- Posts by Joseph WestPrincipal
Joe has practiced in the areas of real estate, business and banking law in Oregon for more than 30 years. Joe’s real estate practice includes representation of owners, developers, tenants and lenders in a wide variety of matters ...
Two recent court decisions confirm that retail tenants cannot ignore continuous operation covenants as both ruled the retailers’ stores must remain open for business.
Starbucks Blocked from Closing Teavana Stores
In an epic battle between mega-shopping center owner Simon Property Group and seemingly ubiquitous retail tenant Starbucks, Simon has won a crucial battle. Last summer, Starbucks announced publicly that it was closing hundreds of its Teavana stores, most of which are located in shopping malls around the country. Simon, reportedly the largest shopping center operator in the United States, responded by filing suit against Starbucks in Indiana to block the closure of Teavana stores located in Simon malls. With the battle lines drawn, an Indiana judge ruled in favor of Simon and issued a preliminary injunction prohibiting Starbucks from closing 77 of its stores in Simon malls.
Is a commercial lease for cannabis operations void as an illegal contract under federal law?
While a cannabis operation may be properly licensed and permitted under state marijuana laws, the federal Controlled Substances Act makes it unlawful to lease property knowing it will be used for the illegal production or distribution of controlled substances. An Arizona-based cannabis business was confronted with this very issue after an attempt by its landlord to revoke the operator's lease. Find out what the court decided in the latest post on GSB's Cannabis Business Blog.
Spring Training has begun! The boys of summer have reported to camp and pre-season games are underway. While major league teams are preparing for the coming baseball season in sunny Arizona and Florida, the Chicago Cubs baseball club has started its season in federal court in Illinois. The Cubs are renovating historic Wrigley Field, which includes adding a large video board and signs in the outfield. The new video board and signs happen to block the view of the field for neighbors beyond right field who have rooftop businesses that provide patrons with food, drinks and views of Wrigley Field events. The rooftop businesses have sued the Cubs to stop construction. They have also sued the City of Chicago and the City’s Landmark Commission for approving the renovation to the ballpark in the first place.
In their suit against the Cubs, the rooftop businesses have alleged that the Cubs are violating the Sherman Antitrust Act by strategically constructing the video board and signs in locations that block the views of the rooftop businesses, while not blocking views from other rooftops that the Cubs own or control. The rooftop businesses have also alleged that the Cubs’ renovations violate a 2004 settlement agreement between the Cubs and the rooftop owners, which provided that the rooftop owners would pay the Cubs a royalty based on gross revenues in return for unobstructed views of the field.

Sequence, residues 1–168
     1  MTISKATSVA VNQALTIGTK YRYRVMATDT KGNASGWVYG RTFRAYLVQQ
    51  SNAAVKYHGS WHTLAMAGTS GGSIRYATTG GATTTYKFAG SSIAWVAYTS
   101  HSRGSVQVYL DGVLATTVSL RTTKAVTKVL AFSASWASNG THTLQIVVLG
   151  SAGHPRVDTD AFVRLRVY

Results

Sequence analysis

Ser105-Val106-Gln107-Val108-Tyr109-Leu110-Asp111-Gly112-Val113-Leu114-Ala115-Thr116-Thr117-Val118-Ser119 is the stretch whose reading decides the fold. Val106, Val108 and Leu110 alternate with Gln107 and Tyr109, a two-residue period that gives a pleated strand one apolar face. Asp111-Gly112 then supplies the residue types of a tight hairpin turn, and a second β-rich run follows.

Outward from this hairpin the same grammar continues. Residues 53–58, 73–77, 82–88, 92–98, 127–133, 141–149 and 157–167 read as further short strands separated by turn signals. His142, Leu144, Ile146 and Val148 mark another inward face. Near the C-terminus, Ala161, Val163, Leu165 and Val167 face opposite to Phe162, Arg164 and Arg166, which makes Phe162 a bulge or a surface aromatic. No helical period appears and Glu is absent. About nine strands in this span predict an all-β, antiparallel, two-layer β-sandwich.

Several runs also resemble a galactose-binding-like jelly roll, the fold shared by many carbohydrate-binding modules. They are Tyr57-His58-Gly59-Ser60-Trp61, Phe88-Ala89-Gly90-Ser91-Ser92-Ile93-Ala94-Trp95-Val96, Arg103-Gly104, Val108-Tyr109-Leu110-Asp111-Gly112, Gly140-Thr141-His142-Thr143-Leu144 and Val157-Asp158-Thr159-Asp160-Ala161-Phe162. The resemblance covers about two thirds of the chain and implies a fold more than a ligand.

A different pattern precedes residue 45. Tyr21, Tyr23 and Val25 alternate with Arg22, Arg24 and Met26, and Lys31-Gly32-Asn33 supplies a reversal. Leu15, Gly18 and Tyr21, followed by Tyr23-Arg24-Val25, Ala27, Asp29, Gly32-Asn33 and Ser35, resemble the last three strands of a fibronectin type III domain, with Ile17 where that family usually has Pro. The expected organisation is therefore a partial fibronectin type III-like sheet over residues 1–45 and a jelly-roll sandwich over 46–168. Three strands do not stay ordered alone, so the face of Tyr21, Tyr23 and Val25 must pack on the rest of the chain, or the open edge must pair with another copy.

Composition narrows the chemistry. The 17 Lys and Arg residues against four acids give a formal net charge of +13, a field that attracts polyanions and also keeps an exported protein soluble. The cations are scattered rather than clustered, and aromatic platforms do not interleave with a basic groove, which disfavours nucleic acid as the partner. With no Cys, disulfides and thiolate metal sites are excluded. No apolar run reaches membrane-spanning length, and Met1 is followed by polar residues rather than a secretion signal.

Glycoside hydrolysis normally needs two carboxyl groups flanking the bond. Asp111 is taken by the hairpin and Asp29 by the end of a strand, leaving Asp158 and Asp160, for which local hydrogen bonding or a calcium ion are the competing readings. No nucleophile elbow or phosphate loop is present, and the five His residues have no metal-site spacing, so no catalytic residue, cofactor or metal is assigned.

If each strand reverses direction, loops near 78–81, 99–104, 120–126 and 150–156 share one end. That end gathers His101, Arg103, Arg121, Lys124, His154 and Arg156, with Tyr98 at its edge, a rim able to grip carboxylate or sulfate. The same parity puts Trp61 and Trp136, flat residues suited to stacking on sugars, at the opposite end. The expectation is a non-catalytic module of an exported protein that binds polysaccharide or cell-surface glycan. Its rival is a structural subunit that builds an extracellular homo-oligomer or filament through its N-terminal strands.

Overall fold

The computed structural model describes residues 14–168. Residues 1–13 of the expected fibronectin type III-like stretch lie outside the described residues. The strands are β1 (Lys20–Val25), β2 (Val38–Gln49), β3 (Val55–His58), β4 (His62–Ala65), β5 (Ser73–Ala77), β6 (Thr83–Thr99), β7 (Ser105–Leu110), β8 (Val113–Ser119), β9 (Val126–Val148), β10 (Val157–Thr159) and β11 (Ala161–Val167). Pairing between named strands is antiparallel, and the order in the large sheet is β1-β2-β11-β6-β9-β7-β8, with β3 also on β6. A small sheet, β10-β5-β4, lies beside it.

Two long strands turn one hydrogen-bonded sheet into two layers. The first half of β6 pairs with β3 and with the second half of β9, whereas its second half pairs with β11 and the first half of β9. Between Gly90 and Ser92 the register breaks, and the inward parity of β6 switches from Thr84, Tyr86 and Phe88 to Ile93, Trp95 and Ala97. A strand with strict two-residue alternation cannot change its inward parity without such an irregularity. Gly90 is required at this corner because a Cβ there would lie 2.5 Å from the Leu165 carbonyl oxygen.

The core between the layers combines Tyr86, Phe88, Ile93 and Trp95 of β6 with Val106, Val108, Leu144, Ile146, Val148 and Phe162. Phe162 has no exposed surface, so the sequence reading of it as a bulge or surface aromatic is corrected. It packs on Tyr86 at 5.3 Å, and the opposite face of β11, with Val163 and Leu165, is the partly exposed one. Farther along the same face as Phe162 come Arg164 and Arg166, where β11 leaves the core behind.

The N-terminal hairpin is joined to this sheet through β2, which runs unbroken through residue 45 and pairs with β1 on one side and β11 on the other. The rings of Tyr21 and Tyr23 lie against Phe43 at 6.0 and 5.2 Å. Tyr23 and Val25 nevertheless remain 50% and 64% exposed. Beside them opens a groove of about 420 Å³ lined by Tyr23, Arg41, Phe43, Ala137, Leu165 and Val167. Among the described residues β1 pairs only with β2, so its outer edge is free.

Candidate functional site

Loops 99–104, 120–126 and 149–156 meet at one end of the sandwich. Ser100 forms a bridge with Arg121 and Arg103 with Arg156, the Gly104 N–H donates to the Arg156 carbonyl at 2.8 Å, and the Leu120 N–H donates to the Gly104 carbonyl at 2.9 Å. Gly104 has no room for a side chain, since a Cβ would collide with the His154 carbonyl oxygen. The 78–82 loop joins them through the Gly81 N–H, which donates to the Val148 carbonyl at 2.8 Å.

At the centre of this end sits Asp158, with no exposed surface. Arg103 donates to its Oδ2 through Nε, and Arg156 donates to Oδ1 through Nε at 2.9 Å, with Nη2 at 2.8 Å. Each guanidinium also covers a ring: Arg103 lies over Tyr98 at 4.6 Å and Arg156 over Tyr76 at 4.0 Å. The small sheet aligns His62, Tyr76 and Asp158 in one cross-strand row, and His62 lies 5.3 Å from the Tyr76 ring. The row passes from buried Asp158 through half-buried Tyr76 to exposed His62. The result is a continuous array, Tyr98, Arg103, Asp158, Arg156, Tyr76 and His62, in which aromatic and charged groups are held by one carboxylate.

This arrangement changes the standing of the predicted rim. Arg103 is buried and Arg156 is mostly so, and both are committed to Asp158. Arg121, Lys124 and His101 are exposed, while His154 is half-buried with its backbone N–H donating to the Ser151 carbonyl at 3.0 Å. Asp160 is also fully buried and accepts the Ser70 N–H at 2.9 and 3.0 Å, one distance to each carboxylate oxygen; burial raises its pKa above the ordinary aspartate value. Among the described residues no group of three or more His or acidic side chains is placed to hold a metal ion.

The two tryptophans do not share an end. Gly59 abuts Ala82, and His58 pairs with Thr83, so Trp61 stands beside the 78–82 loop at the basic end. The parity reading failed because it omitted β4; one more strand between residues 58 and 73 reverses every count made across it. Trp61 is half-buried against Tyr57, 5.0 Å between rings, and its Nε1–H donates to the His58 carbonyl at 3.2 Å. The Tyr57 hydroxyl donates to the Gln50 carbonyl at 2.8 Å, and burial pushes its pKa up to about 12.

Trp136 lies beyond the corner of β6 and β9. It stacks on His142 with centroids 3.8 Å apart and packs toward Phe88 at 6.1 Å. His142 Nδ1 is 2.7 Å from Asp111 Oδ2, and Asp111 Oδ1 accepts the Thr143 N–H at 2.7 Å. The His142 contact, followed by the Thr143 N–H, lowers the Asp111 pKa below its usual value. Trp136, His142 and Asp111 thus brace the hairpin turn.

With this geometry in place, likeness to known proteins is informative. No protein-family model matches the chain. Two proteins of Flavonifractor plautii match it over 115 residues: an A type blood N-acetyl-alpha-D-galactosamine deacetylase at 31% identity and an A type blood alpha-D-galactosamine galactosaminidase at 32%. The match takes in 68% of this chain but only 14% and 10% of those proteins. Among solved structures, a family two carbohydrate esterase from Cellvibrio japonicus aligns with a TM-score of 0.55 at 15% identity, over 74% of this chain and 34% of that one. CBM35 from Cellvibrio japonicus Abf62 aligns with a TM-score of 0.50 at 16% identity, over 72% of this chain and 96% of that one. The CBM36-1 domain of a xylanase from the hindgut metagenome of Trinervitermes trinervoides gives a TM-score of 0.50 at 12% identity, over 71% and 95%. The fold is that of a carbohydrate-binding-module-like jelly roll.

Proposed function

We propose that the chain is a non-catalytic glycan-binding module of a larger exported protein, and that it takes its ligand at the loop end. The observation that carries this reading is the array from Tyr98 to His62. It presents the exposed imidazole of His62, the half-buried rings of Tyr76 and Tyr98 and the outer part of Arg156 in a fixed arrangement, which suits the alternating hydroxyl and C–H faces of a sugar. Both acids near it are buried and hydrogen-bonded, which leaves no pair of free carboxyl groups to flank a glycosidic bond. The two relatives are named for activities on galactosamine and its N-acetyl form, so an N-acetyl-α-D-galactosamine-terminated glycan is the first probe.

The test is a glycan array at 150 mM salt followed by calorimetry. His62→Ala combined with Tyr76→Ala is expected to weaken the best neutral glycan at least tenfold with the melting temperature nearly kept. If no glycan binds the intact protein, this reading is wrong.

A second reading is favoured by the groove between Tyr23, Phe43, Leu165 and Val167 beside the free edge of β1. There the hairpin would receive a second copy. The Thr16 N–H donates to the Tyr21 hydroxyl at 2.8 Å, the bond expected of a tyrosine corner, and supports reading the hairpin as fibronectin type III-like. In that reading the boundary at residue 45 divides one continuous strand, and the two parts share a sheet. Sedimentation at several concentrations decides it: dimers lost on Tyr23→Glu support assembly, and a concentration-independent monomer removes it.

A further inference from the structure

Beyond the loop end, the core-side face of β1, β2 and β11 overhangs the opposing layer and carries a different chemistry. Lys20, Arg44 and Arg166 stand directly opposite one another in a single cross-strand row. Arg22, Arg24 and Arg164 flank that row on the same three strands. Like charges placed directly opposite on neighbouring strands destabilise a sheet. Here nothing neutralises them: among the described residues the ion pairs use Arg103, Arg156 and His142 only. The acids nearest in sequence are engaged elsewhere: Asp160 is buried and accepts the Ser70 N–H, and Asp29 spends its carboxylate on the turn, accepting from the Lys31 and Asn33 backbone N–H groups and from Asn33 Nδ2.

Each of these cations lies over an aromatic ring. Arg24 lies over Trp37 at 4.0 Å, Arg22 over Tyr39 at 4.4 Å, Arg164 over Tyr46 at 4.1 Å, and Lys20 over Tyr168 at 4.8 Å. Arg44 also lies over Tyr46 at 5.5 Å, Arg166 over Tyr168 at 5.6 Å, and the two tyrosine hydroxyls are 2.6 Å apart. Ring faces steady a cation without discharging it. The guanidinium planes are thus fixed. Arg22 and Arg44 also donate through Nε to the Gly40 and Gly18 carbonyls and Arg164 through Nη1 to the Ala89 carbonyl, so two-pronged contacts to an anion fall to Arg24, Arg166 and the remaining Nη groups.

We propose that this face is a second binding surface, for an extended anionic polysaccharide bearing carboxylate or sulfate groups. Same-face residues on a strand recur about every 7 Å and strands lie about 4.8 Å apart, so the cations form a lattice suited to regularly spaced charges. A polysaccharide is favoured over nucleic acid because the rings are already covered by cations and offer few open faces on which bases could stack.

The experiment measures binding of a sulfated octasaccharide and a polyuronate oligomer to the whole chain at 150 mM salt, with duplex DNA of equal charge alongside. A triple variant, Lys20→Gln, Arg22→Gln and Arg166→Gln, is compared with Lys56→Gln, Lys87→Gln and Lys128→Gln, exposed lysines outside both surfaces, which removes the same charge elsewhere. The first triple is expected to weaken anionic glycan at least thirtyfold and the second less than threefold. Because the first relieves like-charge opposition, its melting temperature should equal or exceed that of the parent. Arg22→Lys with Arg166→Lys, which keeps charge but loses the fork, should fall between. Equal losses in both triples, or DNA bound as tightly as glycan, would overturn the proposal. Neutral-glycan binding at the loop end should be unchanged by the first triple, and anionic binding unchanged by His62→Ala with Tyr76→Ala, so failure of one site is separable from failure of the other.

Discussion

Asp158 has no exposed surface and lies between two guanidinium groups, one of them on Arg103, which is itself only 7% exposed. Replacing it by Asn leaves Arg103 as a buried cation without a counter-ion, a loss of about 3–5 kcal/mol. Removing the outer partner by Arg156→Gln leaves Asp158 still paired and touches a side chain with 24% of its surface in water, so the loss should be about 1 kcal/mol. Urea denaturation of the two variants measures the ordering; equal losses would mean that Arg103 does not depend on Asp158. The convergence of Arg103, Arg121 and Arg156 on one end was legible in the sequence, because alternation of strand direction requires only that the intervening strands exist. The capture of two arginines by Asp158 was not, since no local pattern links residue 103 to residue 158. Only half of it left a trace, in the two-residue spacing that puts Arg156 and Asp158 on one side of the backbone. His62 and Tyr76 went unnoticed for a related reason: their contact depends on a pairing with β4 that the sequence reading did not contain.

Last month, the rooftop businesses sought a temporary restraining order against the Cubs to halt construction of the video board and signs. After considering arguments from both sides, the federal judge threw the rooftop businesses a curve and denied their request for a TRO. The judge ruled that the rooftop businesses failed to satisfy their burden of proving immediate and irreparable harm from the construction, because the businesses did not provide evidence of potential loss of income.
The ruling is not a home run for the Cubs, however. A further hearing is scheduled for March 23 to determine whether the rooftop businesses are entitled to a preliminary injunction to halt construction. With opening day in Wrigley Field scheduled for April 5, and with renovations reportedly behind schedule, the Cubs will be hoping to turn a double play and prevail again so the renovation can be completed.
A buyer of real estate can often benefit from retaining a real estate lawyer to help with the purchase. However, as a recent Oregon Court of Appeal case demonstrates, channels of communication between attorney and buyer must be kept open, or the buyer may be at risk.
In Atkeson v. T & K Lands, LLC, et al., the plaintiff purchased a four-acre lot that was advertised as a potential home site with a stream, bridges, gazebo, and nature trail. The buyer agreed to purchase the lot “as-is,” but before purchasing, he retained an attorney to research its legal status. The plaintiff went on to purchase the property, but after closing, discovered several problems, including (1) the lot was within a wetland inventory and required a wetland delineation, and as a result, was potentially unbuildable, (2) the bridges and gazebo on the lot were built without required permits, (3) some improvements violated a 50-foot setback from the stream, and (4) the nature trails were improperly located in wetland areas. Further, the City declared the improvements on the property to be nuisances and ordered the plaintiff to remove them as well as undertake other corrective measures. When the plaintiff learned of the extent of the problems with the lot, he sued the seller to rescind the purchase, claiming he was the victim of a mutual mistake and innocent and intentional misrepresentations by the seller.